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National Record Locator (NRL)

The NRL (National Record Locator) enables authorised users to find specific patient records that are held on different health care systems.

It works by acting as a registry by pointing, or bookmarking, to show a user that a patient record exists and where it is held. The user can then use the information held on the NRL to contact the organisation where the record is held to request more information, or directly request the record if the users system is enabled to allow this.

To make sure a record can be located a provider organisation adds a pointer, or bookmark, to the NRL when the patient record is created at that organisation.

How it works

A provider (for example a care coordinator in a mental health trust) creates a medical record for a patient.  At the same time as creating the record an "NRL pointer" can be automatically added to the NRL which points to or bookmarks the existence of this new medical record. 

By adding this pointer users in other organisations (consumers), for example a paramedic out on call treating the same patient, can then search the NRL to understand more about the patient's care. 

Example of care without the NRLimage of flow diagram showing a 999 call scenario without NRL

Example of care with the NRL image of flow diagram showing a 999 call scenario with NRL

The NRL beta

The beta phase of the NRL project (phase 1a) started in October 2017 and went live with the beta version of the service in November 2018 connecting five mental health trusts (providers), two of which were through the local shared care initiatives, with four ambulance services (consumers). 

Phase 1b of the NRL project started in December 2018 and is expected to run until June 2019. This phase aims to connect more mental health trusts and ambulance services directly to the service or through the local shared care initiatives.  

Overall phase one of the project aimed to: 

  • build a national record index for data providers and consumers
  • identify and review where the NRL can be integrated into existing clinical systems
  • provide the technical capability to locate records by creating a new digital interoperability platform
  • provide a national index to support the health care system
  • provide a standardised pointer to the record, so information about patient records can be seen in date order
  • allow users to locate patient records, including any additional supporting information.  

Phase 2 of the project began in January 2019 after a discovery phase and aims to:

  • enable the secure retrieval of patient records from Provider health care systems to Consumer health care systems
  • enable the discovery and sharing of more types of patient records such as Digital Child Health records
  • enable new pointer management features giving provider organisations even more control over the pointers they create on the NRL.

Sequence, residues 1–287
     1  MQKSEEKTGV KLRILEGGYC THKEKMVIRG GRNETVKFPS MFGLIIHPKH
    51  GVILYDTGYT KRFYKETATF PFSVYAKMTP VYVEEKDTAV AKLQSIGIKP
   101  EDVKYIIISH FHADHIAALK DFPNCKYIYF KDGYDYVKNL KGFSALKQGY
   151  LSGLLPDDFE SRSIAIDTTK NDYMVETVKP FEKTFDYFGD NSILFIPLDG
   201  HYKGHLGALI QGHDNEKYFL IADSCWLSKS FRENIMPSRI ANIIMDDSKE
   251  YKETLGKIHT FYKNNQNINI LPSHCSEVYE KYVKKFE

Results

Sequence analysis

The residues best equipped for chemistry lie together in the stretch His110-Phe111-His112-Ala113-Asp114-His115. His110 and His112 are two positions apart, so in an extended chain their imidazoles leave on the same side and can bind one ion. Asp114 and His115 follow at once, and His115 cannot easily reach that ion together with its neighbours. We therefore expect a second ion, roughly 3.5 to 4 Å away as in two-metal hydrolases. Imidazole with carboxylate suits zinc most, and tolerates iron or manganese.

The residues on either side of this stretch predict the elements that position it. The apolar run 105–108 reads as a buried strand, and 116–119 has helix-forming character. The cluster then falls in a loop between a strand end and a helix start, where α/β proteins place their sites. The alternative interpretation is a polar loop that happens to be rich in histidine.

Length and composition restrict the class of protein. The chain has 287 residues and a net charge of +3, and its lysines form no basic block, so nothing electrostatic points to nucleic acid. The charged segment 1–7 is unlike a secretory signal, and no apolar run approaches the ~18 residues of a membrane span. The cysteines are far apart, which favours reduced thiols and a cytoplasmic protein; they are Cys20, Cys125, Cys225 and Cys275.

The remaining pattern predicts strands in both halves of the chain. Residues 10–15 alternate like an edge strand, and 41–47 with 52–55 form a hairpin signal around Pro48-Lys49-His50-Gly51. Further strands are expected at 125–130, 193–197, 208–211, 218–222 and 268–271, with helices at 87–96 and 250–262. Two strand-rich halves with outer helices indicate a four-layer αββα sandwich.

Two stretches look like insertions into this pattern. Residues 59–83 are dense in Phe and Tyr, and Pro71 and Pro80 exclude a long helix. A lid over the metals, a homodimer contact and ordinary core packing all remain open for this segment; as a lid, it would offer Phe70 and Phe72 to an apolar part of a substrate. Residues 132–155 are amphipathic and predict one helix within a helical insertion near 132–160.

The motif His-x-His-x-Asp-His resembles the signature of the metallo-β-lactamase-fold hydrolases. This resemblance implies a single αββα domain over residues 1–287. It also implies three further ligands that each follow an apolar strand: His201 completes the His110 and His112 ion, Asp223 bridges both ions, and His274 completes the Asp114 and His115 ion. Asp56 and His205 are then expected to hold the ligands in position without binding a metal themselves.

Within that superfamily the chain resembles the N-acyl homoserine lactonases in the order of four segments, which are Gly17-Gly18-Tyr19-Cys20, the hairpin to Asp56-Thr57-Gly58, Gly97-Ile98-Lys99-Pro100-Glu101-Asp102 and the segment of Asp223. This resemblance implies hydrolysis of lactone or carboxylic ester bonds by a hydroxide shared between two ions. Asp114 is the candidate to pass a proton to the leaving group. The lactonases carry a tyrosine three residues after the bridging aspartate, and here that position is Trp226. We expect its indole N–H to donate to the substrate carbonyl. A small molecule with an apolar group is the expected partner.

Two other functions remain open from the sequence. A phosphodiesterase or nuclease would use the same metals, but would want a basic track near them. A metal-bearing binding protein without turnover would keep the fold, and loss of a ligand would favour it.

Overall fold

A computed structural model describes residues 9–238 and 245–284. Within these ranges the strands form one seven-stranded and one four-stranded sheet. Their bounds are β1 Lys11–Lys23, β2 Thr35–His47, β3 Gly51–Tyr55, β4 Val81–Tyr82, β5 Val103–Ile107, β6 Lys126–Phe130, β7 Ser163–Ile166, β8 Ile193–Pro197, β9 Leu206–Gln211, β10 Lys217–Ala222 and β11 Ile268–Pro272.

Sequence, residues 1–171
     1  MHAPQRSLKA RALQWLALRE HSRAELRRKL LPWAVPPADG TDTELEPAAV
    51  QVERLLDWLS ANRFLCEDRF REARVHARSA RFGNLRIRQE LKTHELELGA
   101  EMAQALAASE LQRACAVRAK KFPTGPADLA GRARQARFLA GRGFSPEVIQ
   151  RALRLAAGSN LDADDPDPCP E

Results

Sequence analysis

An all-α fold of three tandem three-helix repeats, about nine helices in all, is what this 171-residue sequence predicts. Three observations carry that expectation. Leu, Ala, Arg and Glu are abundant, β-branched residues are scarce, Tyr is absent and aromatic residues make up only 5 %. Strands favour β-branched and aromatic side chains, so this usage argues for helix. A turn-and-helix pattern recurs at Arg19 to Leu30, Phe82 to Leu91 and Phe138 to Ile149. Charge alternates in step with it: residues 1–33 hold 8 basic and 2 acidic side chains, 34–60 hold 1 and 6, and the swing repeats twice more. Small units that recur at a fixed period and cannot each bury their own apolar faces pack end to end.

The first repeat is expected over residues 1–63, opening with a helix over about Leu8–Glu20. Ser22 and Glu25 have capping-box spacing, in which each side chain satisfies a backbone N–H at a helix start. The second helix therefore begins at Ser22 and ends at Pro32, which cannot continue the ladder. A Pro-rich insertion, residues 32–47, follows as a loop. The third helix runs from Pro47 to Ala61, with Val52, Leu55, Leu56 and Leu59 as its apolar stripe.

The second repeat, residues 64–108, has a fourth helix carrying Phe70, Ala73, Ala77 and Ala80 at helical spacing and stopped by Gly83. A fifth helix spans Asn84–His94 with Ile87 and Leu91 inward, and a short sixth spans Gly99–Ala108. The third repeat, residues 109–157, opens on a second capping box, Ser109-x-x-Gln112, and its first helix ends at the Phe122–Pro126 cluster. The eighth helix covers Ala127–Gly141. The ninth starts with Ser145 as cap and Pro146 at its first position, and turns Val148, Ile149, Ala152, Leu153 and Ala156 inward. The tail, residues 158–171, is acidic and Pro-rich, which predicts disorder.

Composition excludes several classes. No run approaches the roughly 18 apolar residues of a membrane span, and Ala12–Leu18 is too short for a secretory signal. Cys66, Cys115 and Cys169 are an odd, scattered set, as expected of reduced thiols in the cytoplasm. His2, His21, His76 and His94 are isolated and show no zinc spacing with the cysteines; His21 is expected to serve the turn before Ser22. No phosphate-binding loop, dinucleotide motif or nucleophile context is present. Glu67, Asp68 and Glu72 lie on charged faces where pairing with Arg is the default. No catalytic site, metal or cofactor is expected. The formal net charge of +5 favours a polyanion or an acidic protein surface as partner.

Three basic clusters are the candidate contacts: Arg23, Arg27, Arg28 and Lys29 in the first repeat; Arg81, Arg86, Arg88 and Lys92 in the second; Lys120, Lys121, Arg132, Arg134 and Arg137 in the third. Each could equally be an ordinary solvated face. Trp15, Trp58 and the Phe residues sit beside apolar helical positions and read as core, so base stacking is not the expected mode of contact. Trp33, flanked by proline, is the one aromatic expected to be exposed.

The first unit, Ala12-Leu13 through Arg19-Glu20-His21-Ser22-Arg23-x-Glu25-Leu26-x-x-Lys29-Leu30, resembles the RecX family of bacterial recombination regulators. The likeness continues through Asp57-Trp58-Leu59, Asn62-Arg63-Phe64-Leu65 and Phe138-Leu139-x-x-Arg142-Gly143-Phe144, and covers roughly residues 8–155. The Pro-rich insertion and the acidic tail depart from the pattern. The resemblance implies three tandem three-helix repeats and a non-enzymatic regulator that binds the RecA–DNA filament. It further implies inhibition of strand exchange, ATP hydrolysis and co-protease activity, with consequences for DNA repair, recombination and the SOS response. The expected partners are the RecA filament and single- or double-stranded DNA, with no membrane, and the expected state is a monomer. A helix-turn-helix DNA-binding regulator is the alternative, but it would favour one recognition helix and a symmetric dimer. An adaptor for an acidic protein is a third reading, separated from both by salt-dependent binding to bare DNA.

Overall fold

Phase two of the project is expected to go live with the new features of the service in October 2019. 


Before you are given access to the NRL service your trust will have to complete an assessment.  The assessment will look at a range of criteria including 

  • technical conformance
  • data protection
  • security
  • clinical safety
  • benefits measurement
  • business process review and updates
  • service operations

You can learn more about the whole process by reading the NRL onboarding guide. This guide also provides examples of forms and documents you may need to support your assessment.  Your assessment will be based on if your trust is a consumer, provider or software supplier. 

Time frame

We have created a time line to show our project milestones.

Image of plan on a page

Download a copy of the plan on a page


Some of the benefits of the National Record Locator for phase one include:  

  • improved integration of care pathways across providers, including timely communication and collaboration between acute trusts, mental health providers, ambulance services, primary care, social care, public health (drug/alcohol services) and the voluntary sector
  • patients spend less time in an inappropriate setting (like Accident and Emergency (A&E) or police custody)

  • supporting more accurate understanding of local populations, allowing services to be designed more effectively around individuals’ needs

  • preventing unnecessary conveyances to A&E by giving paramedics more information about the individual when making my clinical decisions. 

Find out more by reading our benefits statement. This work will be expanded as the NRL project continues.  

Contact details

For further information please contact the contact the team

Further information

  1. internal

    The National Record Locator Service

    The National Record Locator Service launches on 27 November and I’d like to tell you a little bit about our collaborative approach to the development and delivery of this project.

  2. internal

    On track for Expo 2018

    Programme manager Hadleigh Stollar is getting ready for the health innovation Expo 2018

Last edited: 18 October 2019 2:15 pm